The Replacement's replacement
The back story on this release is worth repeating. Guitarist Slim Dunlap joined the The Replacements back in 1987 when the band fired original member Bob Stinson for bad behavior. By then, The Mats were on a major label and bound for success. Except The Mats never did live up to the glory of their early independent label releases; sure, they made some decent tracks and middling albums. They were destined for greatness and settled for good. The Mats broke up in 1991 (or 1993, depending on what source you believe).
Still, Dunlap acquitted himself well with the band. His mates considered him talented and likeable. Dunlap continued to rock afterwards and put out some decent solo material that resembled the music of The Mats. Unfortunately, Dunlap had a stroke in 2012. To raise funds to pay Dunlap’s medical bills, The Replacements had a reunion and released singles and EPs of Dunlap covers with the help of various artists.
This compilation disc features some great performances. Drive-By Trucker Patterson Hood does a plaintive, country-style, half-spoken, half sung take on “Hate This Town” that captures the pathos of the original without being maudlin. Lucinda Williams marches through “Partners in Crime” with a who-gives-a-shit attitude that conveys how one good friend is worth more than all the people in the world. Jeff Tweedy wistfully croons “The Ballad of the Opening Band” with the weariness of the road in his voice and a spark in his heart. These may be the best cuts, but there are lots of other pleasures here by acts including the Young Fresh Fellows, Craig Finn, Steve Earle, John Doe, Frank Black, and others (including the rest of The Replacements).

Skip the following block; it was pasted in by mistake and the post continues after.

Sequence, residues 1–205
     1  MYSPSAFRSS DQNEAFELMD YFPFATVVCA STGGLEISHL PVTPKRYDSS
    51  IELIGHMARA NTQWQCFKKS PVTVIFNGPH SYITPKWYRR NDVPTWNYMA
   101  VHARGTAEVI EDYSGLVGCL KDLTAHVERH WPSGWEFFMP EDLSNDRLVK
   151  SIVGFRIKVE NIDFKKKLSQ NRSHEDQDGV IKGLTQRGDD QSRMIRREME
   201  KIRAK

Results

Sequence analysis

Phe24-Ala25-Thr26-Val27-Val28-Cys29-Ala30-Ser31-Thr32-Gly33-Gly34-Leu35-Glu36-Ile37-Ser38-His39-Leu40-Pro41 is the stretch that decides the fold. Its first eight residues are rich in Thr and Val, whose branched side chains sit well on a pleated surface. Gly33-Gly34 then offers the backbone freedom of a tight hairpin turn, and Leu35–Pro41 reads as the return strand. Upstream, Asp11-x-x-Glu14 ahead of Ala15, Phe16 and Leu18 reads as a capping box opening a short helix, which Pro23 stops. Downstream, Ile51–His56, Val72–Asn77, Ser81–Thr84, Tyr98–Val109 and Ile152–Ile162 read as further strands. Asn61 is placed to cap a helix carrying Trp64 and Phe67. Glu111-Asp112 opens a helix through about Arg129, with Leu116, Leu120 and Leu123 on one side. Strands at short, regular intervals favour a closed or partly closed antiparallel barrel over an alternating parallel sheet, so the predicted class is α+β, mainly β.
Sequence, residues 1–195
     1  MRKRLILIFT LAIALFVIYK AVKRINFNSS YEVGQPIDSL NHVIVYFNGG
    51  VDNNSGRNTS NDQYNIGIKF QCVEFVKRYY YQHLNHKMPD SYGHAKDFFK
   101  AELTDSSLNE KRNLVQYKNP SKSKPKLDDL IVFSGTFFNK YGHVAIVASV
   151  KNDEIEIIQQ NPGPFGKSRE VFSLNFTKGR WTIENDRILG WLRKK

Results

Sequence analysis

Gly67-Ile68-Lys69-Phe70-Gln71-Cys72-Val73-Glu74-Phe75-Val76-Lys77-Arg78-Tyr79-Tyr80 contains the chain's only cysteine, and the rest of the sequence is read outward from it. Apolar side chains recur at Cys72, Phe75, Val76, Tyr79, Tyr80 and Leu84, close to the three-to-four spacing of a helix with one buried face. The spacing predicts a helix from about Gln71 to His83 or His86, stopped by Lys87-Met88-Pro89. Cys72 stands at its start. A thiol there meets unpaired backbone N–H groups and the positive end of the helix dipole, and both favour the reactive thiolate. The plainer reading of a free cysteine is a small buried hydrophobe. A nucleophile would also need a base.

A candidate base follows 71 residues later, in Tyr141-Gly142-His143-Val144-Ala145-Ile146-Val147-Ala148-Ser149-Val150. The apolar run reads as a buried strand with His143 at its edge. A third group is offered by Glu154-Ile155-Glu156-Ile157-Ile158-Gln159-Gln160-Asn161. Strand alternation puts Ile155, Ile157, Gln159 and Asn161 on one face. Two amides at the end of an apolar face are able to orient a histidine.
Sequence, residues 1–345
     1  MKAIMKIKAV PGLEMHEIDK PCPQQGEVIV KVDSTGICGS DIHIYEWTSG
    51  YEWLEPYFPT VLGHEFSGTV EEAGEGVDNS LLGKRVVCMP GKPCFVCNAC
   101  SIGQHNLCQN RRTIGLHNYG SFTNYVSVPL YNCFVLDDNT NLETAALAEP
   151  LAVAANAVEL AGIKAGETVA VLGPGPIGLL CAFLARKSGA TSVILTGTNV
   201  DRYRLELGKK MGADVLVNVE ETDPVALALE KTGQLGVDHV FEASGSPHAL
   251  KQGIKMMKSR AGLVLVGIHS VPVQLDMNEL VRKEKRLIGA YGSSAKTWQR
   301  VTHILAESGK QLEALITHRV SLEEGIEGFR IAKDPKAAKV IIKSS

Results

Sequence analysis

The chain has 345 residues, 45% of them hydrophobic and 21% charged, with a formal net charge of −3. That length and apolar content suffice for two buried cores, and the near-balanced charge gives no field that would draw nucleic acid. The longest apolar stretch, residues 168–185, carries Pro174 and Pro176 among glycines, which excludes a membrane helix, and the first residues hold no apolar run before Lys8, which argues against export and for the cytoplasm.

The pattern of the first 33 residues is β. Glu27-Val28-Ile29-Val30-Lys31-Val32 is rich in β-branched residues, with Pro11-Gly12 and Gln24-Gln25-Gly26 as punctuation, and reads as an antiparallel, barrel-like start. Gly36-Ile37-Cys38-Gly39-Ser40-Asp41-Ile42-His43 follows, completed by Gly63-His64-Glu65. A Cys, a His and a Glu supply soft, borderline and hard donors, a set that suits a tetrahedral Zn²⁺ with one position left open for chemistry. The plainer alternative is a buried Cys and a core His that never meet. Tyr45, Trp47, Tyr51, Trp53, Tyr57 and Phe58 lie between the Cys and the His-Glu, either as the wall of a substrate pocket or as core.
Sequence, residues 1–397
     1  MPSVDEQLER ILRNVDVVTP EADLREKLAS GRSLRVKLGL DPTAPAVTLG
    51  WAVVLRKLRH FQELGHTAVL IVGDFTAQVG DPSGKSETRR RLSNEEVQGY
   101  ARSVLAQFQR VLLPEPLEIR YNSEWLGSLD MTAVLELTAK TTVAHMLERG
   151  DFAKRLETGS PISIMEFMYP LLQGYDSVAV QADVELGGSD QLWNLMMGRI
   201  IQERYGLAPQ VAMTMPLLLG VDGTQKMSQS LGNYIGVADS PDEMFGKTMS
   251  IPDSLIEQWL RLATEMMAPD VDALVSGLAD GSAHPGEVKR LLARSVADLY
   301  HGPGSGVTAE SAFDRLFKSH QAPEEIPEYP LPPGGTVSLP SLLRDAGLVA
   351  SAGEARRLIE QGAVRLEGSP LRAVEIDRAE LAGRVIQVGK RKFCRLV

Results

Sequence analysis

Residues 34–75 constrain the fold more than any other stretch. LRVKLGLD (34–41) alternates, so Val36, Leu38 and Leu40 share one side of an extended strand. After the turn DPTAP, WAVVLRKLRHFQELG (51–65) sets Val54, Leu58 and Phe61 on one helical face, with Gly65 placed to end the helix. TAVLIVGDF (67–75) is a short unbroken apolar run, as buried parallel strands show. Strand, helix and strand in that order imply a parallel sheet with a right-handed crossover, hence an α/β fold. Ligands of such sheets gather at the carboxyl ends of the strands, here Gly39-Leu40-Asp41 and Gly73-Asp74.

The narrators of Dunlap’s songs most frequently are life’s losers and backsliders, underdogs who wouldn’t be comfortable anywhere else. They often seem lost and confused by the people and events around them. They play their guitars too loud, piss people off, and veer from intensity to apathy in seconds flat. Sometimes Dunlap seems to reach back to the depravity of Exile on Main Street Rolling Stones for inspiration, while other songs have a sweeter tone that drips singer-songwriter sincerity. As these songs were released as singles, the juxtapositions of tone make sense and suggest the diversity of Dunlap’s creativity.
There’s a bonus disc included of 10 previously unreleased tracks by acts such as The Jayhawks, Soul Asylum, The Young Fresh Fellows, and Peter Holsapple. There is also an instrumental called “Love Lost” by The West Saugerties Ale & Quail Club featuring John Sebastian. As the tune features a harmonica solo, presumably this is the John B. Sebastian of the Rock and Roll Hall of Fame’s Lovin’ Spoonful. This seems a strange combination of artists from different eras and styles, but the instrumental and the performance are quite nice. The first disc overwhelms the second in terms of number of tracks (18) and talented artists, but the less flamboyant material serves well as a coda. Dunlap may no longer be able to perform live, but his songs will live on.